My party started their Twisting Halls proper adventure last night.
After reaching the cavernous entrance to the temple, the party searched for signs of activity and chose to enter the less-active looking entrance to the north. Upon opening the door and entering, they were greeted by Kobalds performing maintenance on the various shrines and doing what minions do. The nearest such Kobald led the players to Farralax, a fledgling white dragon, after the players questioned him about his master.
The mage Sharrn was the first to speak with Farralax, and was not very reverent with the dragon and angered Farralax. This almost escalated to the point of attack, but fortunately Benecia and Gwindelyn managed to take control of the situation. Eventually after some conversation, a bargin was struck between the players and Farralax. Each player “contributed” 10 gp to the dragon’s horde, and the party as a whole commited themselves to killing Maraleth, with the promise of set of magic armor when the task was complete, and safe passage further into the temple.
From Farralax’s lair, the party chose to move through the doors to the south.
Oh, the skill challange. I’m still having a tough time navigating NPC encounters. This was by far my worst encounter of the night. I had a rough time with the dialog, and wasn’t very effective at leading the players into trying different things. It seemed like diplomacy checks were all the players could come up with, and were more focused on making the same case over and over again, but more reasonable. Needless to say, I abandoned the skill check encounter architecture. I need to figure out better ways to play NPC’s and lead characters where I want them to go. I need to spend more time during preperation scripting dialog and thinking about how to lead players to the conclusions I need them to reach.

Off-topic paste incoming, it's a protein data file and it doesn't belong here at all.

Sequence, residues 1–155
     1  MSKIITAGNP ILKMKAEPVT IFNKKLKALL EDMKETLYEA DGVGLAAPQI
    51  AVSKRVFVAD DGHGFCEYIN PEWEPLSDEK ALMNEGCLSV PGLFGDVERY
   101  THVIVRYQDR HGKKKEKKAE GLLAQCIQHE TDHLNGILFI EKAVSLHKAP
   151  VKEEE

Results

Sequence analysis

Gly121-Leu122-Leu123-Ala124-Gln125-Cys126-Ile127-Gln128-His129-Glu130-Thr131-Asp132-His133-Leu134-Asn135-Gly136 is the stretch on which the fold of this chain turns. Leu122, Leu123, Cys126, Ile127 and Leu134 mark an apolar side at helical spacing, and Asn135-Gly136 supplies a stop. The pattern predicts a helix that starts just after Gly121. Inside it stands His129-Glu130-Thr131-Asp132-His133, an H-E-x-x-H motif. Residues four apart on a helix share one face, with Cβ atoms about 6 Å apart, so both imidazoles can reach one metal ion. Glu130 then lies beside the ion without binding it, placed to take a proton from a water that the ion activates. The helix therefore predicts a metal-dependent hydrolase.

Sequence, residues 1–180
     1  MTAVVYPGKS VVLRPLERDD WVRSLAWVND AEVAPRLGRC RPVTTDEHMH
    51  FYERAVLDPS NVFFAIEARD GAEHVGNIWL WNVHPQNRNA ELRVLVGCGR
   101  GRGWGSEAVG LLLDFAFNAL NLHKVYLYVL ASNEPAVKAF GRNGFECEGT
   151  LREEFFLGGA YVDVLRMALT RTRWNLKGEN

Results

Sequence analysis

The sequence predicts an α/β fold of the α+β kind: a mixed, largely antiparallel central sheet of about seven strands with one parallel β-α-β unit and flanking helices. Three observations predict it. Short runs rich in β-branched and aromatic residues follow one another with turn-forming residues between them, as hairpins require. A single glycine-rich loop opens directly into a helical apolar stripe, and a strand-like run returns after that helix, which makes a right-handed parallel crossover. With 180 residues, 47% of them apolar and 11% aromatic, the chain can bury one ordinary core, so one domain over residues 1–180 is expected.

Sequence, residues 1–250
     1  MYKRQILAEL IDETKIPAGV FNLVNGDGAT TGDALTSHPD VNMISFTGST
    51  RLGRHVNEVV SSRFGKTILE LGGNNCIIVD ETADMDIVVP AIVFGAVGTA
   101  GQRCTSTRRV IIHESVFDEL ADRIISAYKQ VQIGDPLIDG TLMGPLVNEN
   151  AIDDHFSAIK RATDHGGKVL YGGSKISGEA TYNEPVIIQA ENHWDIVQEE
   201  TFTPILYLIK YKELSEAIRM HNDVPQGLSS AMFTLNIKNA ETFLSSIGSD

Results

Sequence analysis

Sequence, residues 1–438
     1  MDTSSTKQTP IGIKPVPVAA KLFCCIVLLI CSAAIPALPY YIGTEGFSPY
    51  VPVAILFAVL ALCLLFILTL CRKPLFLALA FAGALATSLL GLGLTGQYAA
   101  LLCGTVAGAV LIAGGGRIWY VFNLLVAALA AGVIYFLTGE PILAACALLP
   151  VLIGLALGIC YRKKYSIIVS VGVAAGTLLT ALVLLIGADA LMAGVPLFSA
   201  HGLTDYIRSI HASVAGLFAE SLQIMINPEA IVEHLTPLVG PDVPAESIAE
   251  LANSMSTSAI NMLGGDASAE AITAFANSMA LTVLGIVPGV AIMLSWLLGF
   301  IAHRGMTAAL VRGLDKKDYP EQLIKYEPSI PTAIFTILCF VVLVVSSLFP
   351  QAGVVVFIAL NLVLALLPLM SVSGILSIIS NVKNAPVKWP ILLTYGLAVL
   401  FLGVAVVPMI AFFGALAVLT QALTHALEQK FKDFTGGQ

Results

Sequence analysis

Entering the room, the players immediately noticed the rug in the room, which stood out by not being covered in filth. It was obviously a trap, and was identified as such, but no one in the party possesed the skills to disarm it. Keeping that in mind, the party focused on the foes in the room. Two Dire Rats and four Goblin Snipers occupied the room. Benicia’s wolf companion, Cullen, immediately engaged the first Dire Rat while the Slayer Ari engaged the other on the opposite side of the trapped floor.
The rats used this position to block movement of the other players, forcing them to use only ranged attacks, or in the case of the Fighter Xaviar, attempt to jump over the trap. Xaviar’s attempt failed, but he managed to save himself from being damaged by the trap. The Goblins safely returned fire from the corners of the room.
At one point, Sharrn attempted to use Mage Hand to move the carpet covering the trap and drop it on a Sniper to obstruct his view, but the Sniper proved too dexterous for this tactic and nimbly avoided it.
Fortunately for those attacking, the rats were unable to land a hit and spread their debilitating Filth Fever. And were dispatched in due time. With the rats out of the way, and freedom of movement restored, the partymade short work of the remaining Snipers.